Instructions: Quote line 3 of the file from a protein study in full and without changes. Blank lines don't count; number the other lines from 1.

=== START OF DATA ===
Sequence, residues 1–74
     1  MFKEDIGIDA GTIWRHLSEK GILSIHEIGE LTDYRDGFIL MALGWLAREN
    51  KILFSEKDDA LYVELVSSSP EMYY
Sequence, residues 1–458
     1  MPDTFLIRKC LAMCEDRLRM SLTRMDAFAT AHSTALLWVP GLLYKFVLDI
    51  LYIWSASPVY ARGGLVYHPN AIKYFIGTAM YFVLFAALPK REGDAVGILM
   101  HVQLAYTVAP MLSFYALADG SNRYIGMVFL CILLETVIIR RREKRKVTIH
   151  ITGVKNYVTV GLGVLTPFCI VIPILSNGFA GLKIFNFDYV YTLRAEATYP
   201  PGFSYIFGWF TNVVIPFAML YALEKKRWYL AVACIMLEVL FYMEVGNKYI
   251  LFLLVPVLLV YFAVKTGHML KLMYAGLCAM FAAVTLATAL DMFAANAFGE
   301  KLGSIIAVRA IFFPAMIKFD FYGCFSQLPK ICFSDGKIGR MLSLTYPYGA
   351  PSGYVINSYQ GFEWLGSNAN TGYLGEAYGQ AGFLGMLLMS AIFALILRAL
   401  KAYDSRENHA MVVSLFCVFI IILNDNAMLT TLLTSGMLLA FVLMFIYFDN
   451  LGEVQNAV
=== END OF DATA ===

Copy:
    51  KILFSEKDDA LYVELVSSSP EMYY